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Boosting Production of Green Hydrogen Using Sound Waves

Melbourne engineers have utilized sound waves to increase the production of green hydrogen by 14 times with electrolysis.

The team's invention offers a promising way to tap into a plentiful supply of cheap hydrogen fuel for transportation and other sectors, which could radically reduce carbon emissions and help fight climate change. Image Credit: Adobe Stock

They state that their invention provides an encouraging method to tap into an ample supply of inexpensive hydrogen fuel for transportation and other sectors. This could radically decrease carbon emissions and help combat climate change.

By making use of high-frequency vibrations to “divide and conquer” individual water molecules at the time of electrolysis, the research group managed to split the water molecules to discharge 14 times more hydrogen than the standard electrolysis methods.

Electrolysis generates green hydrogen, constituting just a small fraction of global hydrogen production.

The majority of the hydrogen has been produced from splitting natural gas, called blue hydrogen, which discharges greenhouse gases into the air.

Associate Professor Amgad Rezk from RMIT University, who headed the work, stated that the innovation solves big difficulties for green hydrogen production.

One of the main challenges of electrolysis is the high cost of electrode materials used, such as platinum or iridium. With sound waves making it much easier to extract hydrogen from water, it eliminates the need to use corrosive electrolytes and expensive electrodes such as platinum or iridium. As water is not a corrosive electrolyte, we can use much cheaper electrode materials such as silver.

Amgad Rezk, Associate Professor, Royal Melbourne Institute of Technology University

Rezk stated that the potential to utilize affordable electrode materials and prevent the use of highly corrosive electrolytes is considered to be game-changing for reducing the costs of producing green hydrogen.

The study has been reported in the journal Advanced Energy Materials. An Australian provisional patent application has been registered to safeguard the new technology.

The first author of the study, Yemima Ehrnst, stated that the sound waves also avoided the build-up of oxygen and hydrogen bubbles present on the electrodes. This greatly enhanced its stability and conductivity.

Electrode materials used in electrolysis suffer from hydrogen and oxygen gas build-up, forming a gas layer that minimizes the electrodes’ activity and significantly reduces its performance.

Yemima Ehrnst, PhD Researcher and Study First Author, School of Engineering, Royal Melbourne Institute of Technology University

As a part of their experiments, the research group quantified the amount of hydrogen produced via electrolysis with and without sound waves that came from the electrical output.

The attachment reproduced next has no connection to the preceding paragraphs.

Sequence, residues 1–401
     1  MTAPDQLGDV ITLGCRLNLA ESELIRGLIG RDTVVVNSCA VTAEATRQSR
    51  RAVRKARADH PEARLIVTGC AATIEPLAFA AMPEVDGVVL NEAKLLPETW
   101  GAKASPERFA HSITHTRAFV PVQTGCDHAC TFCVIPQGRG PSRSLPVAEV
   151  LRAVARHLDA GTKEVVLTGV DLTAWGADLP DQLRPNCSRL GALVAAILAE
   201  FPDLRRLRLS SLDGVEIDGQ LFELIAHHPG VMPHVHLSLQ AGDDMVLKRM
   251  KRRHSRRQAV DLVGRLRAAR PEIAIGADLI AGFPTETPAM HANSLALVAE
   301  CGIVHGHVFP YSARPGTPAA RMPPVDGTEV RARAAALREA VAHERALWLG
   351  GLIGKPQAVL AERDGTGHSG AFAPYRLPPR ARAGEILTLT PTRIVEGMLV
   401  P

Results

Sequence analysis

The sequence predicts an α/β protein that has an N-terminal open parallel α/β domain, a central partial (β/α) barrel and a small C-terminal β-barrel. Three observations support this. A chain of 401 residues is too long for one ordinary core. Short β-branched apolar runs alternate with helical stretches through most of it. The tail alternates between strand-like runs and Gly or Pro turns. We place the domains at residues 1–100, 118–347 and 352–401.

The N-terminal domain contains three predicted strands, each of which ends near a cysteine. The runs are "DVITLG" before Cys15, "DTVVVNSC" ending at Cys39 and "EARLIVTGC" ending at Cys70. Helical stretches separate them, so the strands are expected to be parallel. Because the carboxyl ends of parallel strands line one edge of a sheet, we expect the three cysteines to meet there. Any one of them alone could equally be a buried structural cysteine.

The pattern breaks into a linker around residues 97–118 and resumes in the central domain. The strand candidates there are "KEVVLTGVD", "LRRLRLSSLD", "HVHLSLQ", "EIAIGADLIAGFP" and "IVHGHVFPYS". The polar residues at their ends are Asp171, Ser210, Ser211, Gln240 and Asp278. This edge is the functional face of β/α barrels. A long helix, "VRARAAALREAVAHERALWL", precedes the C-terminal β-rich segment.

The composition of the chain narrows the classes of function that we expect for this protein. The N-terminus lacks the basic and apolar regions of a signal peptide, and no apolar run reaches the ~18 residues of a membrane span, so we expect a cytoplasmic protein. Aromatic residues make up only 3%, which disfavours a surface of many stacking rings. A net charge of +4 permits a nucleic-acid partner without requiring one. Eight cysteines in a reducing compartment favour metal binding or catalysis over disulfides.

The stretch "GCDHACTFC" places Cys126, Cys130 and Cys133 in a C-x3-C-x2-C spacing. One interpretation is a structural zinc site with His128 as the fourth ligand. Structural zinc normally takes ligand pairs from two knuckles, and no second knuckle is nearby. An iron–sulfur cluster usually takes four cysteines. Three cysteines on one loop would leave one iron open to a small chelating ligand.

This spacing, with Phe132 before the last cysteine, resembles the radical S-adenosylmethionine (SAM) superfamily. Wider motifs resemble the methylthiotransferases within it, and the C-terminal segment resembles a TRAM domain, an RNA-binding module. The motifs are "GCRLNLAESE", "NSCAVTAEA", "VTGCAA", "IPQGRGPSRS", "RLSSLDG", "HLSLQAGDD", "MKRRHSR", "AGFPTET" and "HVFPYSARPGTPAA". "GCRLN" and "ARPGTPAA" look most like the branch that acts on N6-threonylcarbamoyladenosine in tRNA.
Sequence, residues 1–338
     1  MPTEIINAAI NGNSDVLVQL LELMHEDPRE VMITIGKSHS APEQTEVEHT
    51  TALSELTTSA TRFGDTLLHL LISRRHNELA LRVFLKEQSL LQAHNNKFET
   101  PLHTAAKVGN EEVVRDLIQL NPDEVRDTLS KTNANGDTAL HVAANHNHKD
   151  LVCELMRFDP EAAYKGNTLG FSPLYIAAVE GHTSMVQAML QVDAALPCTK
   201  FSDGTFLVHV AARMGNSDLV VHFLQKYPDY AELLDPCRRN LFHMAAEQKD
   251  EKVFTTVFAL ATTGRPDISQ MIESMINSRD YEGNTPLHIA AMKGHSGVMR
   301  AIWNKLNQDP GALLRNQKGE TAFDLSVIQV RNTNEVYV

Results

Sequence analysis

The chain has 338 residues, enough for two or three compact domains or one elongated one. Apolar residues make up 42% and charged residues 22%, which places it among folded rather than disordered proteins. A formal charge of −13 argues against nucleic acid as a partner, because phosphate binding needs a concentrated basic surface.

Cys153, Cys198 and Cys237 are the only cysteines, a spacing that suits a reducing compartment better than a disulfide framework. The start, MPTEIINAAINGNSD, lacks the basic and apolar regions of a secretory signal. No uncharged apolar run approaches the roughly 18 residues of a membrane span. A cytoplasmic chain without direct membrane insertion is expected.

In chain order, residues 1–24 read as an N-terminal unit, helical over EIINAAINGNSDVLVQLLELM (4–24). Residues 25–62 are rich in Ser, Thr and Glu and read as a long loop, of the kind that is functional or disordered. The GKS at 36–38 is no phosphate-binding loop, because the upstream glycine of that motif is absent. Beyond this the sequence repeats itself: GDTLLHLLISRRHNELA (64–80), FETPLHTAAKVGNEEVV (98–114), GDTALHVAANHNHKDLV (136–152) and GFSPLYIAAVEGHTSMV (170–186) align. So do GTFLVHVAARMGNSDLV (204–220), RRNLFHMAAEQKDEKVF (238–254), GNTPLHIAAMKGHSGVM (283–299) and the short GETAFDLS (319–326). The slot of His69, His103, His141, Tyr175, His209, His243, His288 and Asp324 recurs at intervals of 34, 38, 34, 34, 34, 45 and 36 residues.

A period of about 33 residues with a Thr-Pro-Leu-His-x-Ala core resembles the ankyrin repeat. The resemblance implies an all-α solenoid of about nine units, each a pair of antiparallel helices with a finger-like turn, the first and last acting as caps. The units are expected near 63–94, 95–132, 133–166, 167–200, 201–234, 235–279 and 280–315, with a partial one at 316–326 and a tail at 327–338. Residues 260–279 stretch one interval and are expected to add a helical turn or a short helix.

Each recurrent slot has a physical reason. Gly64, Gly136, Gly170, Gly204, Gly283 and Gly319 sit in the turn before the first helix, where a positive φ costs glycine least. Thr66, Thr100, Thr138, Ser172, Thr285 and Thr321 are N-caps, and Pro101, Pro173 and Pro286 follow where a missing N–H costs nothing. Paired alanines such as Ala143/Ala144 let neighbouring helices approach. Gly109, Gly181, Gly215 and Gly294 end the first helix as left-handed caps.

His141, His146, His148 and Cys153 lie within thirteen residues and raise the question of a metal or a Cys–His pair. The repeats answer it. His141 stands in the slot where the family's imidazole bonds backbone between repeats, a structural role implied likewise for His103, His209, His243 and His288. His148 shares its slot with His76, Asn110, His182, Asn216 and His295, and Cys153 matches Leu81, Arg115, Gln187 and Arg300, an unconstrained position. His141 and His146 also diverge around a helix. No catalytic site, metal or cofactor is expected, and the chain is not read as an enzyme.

The electrical output of the electrolysis with sound waves was about 14 times greater than electrolysis without them, for a given input voltage. This was equivalent to the amount of hydrogen produced.

Yemima Ehrnst, PhD Researcher and Study First Author, School of Engineering, Royal Melbourne Institute of Technology University

The Potential Applications of the Team’s Work

Distinguished Professor Leslie Yeo, who is one of the lead researchers, stated that the new discovery of the group sets the stage to use this new acoustic platform for other applications. This can be done particularly where bubble build-up on the electrodes is a difficulty.

Our ability to suppress bubble build-up on the electrodes and rapidly remove them through high-frequency vibrations represents a major advance for electrode conductivity and stability. With our method, we can potentially improve the conversion efficiency leading to a net-positive energy saving of 27%,” stated Yeo from RMIT’s School of Engineering.

Next Steps

While the innovation seems to be useful, the research group needs to overcome limitations by combining the sound-wave innovation with present electrolyzers to extend the work.

We are keen to collaborate with industry partners to boost and complement their existing electrolyzer technology and integrate into existing processes and systems,” Stated Yeo.

The study’s co-authors are Yemima Ehrnst, Amgad Rezk, and Leslie Yeo from RMIT, and Peter Sherrell from the University of Melbourne.

Journal Reference:

Ehrnst, Y., et al. (2022) Acoustically-Induced Water Frustration for Enhanced Hydrogen Evolution Reaction in Neutral Electrolytes. Advanced Energy Materials.


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